Jewish Labour members are furious that a Momentum branch has planned a debate on anti-Semitism on a Friday evening – during Shabbat – which means that many observant Jews would be unable to attend.
The event, hosted by the Haringey branch of the pro-Jeremy Corbyn group, also lists Jackie Walker – who was suspended by Labour for alleged anti-Semitic remarks only last month – as one of the speakers.
The irony of the debate being hosted on a Friday evening was not lost on Jewish Labour members.
Labour MP Wes Streeting told BuzzFeed News he was shocked that the Momentum branch decided to hold the event on Friday evening. He said: "Only Momentum could organise a debate on anti-Semitism on the left during Shabbat, when many observant Jews are unable to attend.
"It's a complete disgrace."
A spokesperson for the Jewish Labour Movement called the decision "insensitive".
"We would simply say that it's clearly insensitive for part of the Labour movement to hold a contentious debate on anti-Semitism on a Friday night, especially in an area like Haringey where many Labour members are orthodox Jews," they said.
The spokesperson added: "Nobody's saying that the debate shouldn't happen, but there are issues of good practice when it comes to dealing with minority groups, and holding an event in a way that disenfranchises a large group isn't a desperately sensitive thing to do."
A spokesperson for Haringey Momentum said: "We apologise for this oversight and are collectively discussing the possibility of rearranging the event."
Mike James wrote on the event page that the the decision to hold the event on Friday evening was "classic" – but Phil Rose, who is likely to chair the meeting, said the group did think about the fact it fell on Shabbat but said there were "limited time slots".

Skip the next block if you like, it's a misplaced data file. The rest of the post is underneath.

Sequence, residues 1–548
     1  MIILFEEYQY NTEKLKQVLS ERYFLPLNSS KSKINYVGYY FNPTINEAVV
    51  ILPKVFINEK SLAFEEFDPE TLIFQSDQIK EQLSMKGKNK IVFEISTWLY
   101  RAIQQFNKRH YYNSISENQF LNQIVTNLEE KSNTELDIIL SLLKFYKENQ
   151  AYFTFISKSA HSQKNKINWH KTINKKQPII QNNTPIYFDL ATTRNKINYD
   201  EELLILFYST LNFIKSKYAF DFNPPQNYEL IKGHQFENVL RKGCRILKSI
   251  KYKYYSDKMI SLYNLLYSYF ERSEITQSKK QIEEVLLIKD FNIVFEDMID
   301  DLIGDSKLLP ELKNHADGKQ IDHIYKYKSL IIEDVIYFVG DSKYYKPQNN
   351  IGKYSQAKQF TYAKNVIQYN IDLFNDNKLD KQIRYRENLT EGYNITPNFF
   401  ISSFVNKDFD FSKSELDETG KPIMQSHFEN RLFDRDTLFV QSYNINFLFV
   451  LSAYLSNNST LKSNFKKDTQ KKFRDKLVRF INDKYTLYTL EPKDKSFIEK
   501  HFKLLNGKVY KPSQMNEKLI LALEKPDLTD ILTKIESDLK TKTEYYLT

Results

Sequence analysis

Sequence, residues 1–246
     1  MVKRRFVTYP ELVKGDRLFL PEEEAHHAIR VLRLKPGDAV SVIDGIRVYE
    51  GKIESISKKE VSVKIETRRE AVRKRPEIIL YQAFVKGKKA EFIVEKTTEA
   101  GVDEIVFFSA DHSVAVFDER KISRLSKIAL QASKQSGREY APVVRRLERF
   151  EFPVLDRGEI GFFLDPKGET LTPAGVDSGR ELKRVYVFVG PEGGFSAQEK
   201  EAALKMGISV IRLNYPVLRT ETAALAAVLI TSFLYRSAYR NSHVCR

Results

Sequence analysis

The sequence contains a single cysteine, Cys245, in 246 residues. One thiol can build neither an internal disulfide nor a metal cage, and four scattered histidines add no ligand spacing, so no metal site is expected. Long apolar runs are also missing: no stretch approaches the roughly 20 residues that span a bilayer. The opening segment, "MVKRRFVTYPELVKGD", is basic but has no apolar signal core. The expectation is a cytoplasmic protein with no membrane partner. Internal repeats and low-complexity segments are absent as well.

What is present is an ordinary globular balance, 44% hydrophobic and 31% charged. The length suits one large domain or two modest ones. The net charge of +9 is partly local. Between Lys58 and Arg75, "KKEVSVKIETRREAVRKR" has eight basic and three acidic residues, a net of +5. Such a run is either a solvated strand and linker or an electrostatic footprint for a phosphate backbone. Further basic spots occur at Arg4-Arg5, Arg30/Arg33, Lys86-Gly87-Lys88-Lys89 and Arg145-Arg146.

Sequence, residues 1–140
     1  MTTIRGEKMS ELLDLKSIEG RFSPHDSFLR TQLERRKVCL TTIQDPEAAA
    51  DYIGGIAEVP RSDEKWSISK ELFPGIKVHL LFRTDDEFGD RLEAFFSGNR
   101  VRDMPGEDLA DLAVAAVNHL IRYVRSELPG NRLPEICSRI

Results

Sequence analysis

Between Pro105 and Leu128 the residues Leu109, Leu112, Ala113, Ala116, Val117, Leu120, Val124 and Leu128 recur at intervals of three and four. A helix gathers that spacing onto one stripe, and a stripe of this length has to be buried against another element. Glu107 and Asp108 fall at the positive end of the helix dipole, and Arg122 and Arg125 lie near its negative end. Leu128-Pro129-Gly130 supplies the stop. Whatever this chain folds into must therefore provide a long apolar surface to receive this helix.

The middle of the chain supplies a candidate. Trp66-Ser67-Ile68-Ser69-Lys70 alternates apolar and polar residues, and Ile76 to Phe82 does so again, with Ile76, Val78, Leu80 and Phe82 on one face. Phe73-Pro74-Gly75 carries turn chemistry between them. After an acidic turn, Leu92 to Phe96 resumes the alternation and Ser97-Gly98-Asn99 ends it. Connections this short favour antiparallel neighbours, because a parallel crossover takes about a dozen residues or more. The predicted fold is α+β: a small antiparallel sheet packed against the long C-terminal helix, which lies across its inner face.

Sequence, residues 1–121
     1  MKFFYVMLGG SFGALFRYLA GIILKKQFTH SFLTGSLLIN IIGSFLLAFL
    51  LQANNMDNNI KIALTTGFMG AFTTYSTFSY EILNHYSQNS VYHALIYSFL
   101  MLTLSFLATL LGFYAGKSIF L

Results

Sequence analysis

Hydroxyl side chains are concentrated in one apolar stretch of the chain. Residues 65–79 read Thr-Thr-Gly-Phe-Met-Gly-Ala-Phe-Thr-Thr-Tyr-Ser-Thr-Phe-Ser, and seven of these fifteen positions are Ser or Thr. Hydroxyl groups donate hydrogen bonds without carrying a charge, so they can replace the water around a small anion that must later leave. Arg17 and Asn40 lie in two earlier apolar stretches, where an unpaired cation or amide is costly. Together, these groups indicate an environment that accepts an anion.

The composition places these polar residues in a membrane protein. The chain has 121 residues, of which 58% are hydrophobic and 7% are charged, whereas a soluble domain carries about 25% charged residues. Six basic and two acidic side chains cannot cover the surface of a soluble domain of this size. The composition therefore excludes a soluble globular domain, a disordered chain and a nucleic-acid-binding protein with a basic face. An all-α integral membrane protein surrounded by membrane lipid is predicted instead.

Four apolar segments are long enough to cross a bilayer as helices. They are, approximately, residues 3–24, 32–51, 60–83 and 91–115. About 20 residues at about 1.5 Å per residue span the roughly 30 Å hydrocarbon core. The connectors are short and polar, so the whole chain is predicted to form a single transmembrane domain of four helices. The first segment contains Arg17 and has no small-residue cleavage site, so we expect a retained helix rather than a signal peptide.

"It was discussed that it was being held on a shabbas and that this may limit some peoples ability to attend and could be a bit insensitive," Rose said under James' comment.
"However taking into account the availability of speakers, the fact we have another debate on the EU being organised, plus a monthly meeting next week, we had limited time slots."
He added: "We regret if anyone is put off attending because of this but we had to choose what was in our opinion the best available time."
Streeting has called on the party's leadership to do more to tackle anti-Semitism in the party, and the event comes after Labour suspended a series of prominent figures following controversial comments.
The whip was withdrawn from MP Naz Shah after a series of remarks she made before she became an MP were made public, and former London Mayor Ken Livingston was suspended after he made comments that appeared to suggest that Hitler was a Zionist.
The Facebook page for Haringey Momentum's anti-Semitism debate says the group wanted to hold the event to debate "whether anti-Semitism is a widespread problem amongst the left, whether this is an attempt to discredit Jeremy Corbyn and anti-Zionism, or if the truth lies somewhere in between".
Three speakers are listed as speaking at the event, one of which is Walker. A former vice chair of Momentum, Walker was suspended by the party after writing about the "African holocaust" in a conservation on Facebook. She also said Jews were "chief financiers of the sugar and slave trade".
The other speakers are Annie Cohen, an activist for Jewdas, a non-Zionist Jewish organisation, and Labour councillor Emine Ibrahim. According to Ibrahim's Facebook page, she called on Labour leader Jeremy Corbyn to suspend MP John Mann from the party after he called Ken Livingstone a "Nazi apologist" in a public spat.
The Haringey Momentum group has posted an update on Facebook and said it would move the event an hour earlier in the hope that any observant Jews who attend can be home before Shabbat.
Although a spokesperson said Friday is "the only workable date within a reasonable timeframe", it will now start the event at 6.30pm.
The group added: "We apologise if anybody felt excluded by the previous scheduling. That was certainly not our intention, since we would absolutely encourage people of all faiths and ethnicities to attend."